UBC Theses and Dissertations
Harnessing natural diversity for the discovery of glycoside hydrolases and design of new glycosynthases Armstrong, Zachary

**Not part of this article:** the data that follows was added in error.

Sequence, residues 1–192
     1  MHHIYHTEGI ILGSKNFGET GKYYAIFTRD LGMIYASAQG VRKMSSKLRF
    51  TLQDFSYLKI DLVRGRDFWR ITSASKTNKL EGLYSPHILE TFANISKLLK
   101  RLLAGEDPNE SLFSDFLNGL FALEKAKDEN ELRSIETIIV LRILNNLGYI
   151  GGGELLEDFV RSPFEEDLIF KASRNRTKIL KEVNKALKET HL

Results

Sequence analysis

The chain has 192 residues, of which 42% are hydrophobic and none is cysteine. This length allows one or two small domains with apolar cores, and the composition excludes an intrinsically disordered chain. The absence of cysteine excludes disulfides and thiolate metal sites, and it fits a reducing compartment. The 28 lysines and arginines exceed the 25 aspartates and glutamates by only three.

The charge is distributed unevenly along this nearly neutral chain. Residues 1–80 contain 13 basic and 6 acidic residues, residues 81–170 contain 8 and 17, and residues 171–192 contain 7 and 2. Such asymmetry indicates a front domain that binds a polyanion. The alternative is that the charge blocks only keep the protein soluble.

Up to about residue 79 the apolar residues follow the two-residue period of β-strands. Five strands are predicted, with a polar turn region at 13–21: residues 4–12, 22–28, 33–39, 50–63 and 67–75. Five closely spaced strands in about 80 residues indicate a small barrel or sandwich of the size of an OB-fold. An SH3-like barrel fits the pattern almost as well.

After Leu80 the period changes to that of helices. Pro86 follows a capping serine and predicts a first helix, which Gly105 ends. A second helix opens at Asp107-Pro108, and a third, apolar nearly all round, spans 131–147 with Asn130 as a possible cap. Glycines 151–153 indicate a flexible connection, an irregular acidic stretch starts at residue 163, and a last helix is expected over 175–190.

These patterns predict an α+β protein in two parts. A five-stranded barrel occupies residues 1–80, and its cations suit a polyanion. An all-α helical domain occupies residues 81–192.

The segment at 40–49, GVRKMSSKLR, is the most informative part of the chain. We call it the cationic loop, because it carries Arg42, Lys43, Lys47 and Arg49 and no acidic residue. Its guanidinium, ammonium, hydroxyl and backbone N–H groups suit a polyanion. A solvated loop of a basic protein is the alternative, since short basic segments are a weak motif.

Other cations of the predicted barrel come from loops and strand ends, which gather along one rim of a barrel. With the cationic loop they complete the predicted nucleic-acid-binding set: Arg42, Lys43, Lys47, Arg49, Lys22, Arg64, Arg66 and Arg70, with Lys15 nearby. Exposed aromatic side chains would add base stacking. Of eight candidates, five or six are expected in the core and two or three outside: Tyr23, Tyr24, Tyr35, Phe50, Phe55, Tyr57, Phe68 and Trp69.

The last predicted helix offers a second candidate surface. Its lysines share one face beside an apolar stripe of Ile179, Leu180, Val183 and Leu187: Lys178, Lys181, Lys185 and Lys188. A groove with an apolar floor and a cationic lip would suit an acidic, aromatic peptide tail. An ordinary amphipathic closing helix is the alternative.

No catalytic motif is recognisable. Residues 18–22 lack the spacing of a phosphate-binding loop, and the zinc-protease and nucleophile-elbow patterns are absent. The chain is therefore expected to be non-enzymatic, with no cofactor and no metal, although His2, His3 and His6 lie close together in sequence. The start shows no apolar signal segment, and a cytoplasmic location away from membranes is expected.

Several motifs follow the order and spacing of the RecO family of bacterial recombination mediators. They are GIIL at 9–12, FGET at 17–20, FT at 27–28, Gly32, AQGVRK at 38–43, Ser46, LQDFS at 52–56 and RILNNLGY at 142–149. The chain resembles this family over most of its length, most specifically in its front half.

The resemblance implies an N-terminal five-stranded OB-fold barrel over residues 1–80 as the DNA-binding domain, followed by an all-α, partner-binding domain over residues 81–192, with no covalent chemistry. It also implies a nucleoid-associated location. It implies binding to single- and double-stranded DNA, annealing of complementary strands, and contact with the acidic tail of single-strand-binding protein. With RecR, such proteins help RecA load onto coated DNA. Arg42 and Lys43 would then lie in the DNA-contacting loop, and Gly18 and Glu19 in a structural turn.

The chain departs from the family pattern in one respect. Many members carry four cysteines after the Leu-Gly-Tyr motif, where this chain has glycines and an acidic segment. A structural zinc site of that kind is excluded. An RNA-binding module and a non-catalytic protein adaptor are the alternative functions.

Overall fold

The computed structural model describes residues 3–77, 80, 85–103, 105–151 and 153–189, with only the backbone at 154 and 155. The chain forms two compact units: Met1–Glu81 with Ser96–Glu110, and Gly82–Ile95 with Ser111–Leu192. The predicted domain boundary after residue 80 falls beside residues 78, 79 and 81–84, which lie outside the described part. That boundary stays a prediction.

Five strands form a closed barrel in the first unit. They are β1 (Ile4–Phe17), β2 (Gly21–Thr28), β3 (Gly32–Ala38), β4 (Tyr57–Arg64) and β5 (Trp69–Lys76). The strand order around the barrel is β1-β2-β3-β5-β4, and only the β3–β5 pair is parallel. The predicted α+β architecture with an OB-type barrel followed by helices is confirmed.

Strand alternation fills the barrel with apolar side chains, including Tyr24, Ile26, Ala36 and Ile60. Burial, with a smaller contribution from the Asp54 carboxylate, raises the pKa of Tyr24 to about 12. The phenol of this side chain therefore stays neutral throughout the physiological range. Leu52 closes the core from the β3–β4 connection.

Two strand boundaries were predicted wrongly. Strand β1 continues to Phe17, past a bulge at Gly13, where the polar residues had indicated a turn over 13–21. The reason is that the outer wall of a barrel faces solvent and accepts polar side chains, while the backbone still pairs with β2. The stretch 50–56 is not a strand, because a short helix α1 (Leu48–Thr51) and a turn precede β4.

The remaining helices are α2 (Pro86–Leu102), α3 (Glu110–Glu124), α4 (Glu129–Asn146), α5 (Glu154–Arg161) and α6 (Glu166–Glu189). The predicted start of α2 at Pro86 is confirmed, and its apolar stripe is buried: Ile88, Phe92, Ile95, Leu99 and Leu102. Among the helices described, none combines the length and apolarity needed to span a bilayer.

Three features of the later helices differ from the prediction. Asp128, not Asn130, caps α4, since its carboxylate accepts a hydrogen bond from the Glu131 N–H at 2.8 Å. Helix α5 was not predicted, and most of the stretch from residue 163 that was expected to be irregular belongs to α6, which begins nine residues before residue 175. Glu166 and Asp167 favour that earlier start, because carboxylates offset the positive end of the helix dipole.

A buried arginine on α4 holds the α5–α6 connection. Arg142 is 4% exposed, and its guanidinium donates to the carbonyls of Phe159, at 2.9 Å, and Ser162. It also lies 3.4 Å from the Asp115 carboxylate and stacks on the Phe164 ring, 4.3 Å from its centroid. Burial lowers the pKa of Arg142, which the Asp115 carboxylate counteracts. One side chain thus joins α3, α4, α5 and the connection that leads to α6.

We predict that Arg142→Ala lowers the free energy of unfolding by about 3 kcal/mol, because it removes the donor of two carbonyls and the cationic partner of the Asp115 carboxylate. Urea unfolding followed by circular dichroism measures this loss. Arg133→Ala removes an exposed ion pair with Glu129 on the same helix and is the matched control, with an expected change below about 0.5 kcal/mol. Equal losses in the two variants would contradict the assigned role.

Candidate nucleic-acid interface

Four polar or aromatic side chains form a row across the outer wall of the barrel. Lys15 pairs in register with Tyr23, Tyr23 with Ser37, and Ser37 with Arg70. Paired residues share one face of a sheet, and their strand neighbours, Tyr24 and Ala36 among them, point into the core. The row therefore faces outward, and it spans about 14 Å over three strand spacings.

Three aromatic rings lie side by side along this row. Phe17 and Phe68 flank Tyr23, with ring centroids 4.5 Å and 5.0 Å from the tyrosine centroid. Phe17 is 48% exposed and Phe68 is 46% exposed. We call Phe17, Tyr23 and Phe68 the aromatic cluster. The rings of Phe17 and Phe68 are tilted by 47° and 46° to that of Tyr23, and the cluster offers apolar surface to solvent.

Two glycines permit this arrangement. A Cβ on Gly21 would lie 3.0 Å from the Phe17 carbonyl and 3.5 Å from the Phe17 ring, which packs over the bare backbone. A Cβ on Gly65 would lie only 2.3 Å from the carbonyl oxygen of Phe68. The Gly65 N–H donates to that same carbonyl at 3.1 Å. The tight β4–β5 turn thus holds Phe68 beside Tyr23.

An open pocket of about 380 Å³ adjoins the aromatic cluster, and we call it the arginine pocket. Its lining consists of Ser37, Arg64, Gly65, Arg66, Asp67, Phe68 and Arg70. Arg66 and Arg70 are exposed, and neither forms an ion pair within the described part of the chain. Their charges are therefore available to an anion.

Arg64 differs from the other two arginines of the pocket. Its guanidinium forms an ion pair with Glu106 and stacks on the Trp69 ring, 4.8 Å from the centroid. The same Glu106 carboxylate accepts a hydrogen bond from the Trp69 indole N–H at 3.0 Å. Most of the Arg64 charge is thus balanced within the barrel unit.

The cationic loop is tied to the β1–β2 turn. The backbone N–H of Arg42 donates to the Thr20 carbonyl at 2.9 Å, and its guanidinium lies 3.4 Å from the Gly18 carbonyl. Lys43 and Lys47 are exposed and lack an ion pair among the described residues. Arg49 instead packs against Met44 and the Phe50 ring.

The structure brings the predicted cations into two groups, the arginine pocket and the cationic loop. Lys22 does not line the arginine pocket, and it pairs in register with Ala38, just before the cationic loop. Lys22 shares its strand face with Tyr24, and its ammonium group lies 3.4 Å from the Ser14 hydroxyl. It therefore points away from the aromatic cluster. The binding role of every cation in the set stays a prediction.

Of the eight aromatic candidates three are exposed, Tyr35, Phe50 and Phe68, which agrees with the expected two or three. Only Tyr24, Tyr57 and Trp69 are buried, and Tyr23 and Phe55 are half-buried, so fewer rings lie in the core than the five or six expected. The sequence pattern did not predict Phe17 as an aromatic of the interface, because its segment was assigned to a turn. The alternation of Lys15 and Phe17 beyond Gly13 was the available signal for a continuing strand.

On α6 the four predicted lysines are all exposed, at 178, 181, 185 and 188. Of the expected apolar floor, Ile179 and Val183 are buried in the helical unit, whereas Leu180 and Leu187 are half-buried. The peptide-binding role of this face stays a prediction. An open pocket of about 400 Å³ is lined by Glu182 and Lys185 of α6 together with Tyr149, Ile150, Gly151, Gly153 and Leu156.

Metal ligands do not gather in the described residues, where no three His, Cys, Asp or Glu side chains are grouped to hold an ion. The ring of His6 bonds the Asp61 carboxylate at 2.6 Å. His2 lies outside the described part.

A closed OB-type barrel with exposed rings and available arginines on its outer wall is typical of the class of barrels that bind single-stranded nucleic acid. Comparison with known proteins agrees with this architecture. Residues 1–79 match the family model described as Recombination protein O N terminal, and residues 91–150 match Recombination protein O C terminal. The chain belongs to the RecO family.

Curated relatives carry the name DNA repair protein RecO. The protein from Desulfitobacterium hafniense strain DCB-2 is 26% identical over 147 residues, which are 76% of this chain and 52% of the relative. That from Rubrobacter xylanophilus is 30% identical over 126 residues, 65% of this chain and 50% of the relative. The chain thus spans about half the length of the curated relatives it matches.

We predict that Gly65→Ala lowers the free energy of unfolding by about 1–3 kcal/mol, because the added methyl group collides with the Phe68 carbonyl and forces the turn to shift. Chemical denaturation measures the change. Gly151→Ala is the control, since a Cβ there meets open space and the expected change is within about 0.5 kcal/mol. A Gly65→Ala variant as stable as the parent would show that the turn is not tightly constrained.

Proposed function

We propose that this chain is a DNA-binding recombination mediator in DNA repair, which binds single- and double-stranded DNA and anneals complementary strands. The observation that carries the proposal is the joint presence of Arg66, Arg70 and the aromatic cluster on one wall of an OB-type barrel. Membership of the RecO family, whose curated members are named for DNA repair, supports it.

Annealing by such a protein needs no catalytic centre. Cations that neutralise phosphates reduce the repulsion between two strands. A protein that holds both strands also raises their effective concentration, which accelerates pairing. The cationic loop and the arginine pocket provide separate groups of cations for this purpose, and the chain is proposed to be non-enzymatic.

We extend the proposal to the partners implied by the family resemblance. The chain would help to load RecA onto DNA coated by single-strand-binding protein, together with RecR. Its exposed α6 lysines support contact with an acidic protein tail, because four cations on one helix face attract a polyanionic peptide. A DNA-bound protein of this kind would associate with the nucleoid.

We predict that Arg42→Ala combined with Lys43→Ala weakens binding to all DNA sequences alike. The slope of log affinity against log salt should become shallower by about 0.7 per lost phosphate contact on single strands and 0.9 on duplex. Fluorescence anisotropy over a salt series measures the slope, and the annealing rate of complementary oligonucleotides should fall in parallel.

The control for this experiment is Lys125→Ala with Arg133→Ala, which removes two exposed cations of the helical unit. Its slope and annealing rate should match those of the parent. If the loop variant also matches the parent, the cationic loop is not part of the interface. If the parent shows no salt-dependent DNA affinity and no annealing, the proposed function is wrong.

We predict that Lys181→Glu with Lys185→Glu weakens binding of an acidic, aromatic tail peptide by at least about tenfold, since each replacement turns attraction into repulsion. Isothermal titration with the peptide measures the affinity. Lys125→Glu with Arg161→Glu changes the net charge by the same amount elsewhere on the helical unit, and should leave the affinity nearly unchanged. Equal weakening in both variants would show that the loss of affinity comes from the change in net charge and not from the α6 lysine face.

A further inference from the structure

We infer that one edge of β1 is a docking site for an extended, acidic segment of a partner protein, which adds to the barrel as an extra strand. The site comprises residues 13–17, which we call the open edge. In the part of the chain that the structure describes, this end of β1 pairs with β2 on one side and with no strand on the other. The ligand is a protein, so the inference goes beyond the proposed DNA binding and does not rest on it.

Plant biomass offers a sustainable source for energy and materials and an alternative to fossil fuels. However, the industrial scale production or biorefining of fermentable sugars from plant biomass is currently limited by the lack of cost effective and efficient biocatalysts. Microbes, the earth's master chemists - employing biocatalytic solutions to harvest energy, and transform this energy into useful molecules - offer a potential solution to this problem. However, a majority of microbes remain uncultured, limiting our access to the genetic potential encoded within their genomes. This has spurred the development of culture independent methods, termed metagenomics. In this thesis I harnessed high-throughput functional metagenomic screening to discover biomass deconstructing biocatalysts from uncultured microbial communities. Towards this goal, twenty-two clone libraries containing DNA sourced from diverse microbial communities inhabiting terrestrial and aquatic ecosystems were screened with 4-methylumbelliferyl cellobioside to detect glycoside hydrolase activity. This revealed 178 active clones containing glycoside hydrolases, often in gene clusters. This set of active clones was consolidated and further characterized through sequencing and rapid, plate-based, biochemical assays. Additionally, libraries sourced from beaver fecal and gut microbiomes were screened with four fluorogenic probes (6-chloro-4-methylumbelliferyl derivatives of cellobiose, xylobiose, xylose and mannose) for glycoside hydrolase activity. This revealed a total of 247 active fosmid-harbouring clones, that encoded many polysaccharide-degrading genes and gene cassettes. Specific candidate genes from the fecal library were sub-cloned, and the resulting purified enzymes were shown to be involved in synergistic degradation of arabinoxylan oligomers. The clone libraries that were generated through functional metagenomic screening were then employed to reveal the promiscuity of glycoside hydrolases towards unnatural azido- and aminoglycosides. Promiscuous enzymes identified from metagenomic and synthetic clone libraries were then used as a starting point for the generation of new glycosynthases capable of incorporating modified glucosides and galactosides. The resulting set of eight new glycosynthases are capable of synthesizing di- and trisaccharides, glycolipids and inhibitors such as 2,4-dinitrophenyl 4'-amino-2,4'-dideoxy-2-fluoro-cellobioside. Taken together this work has exploited the power of functional metagenomics to reveal new modes of biocatalysis and develop new synthetic tools.
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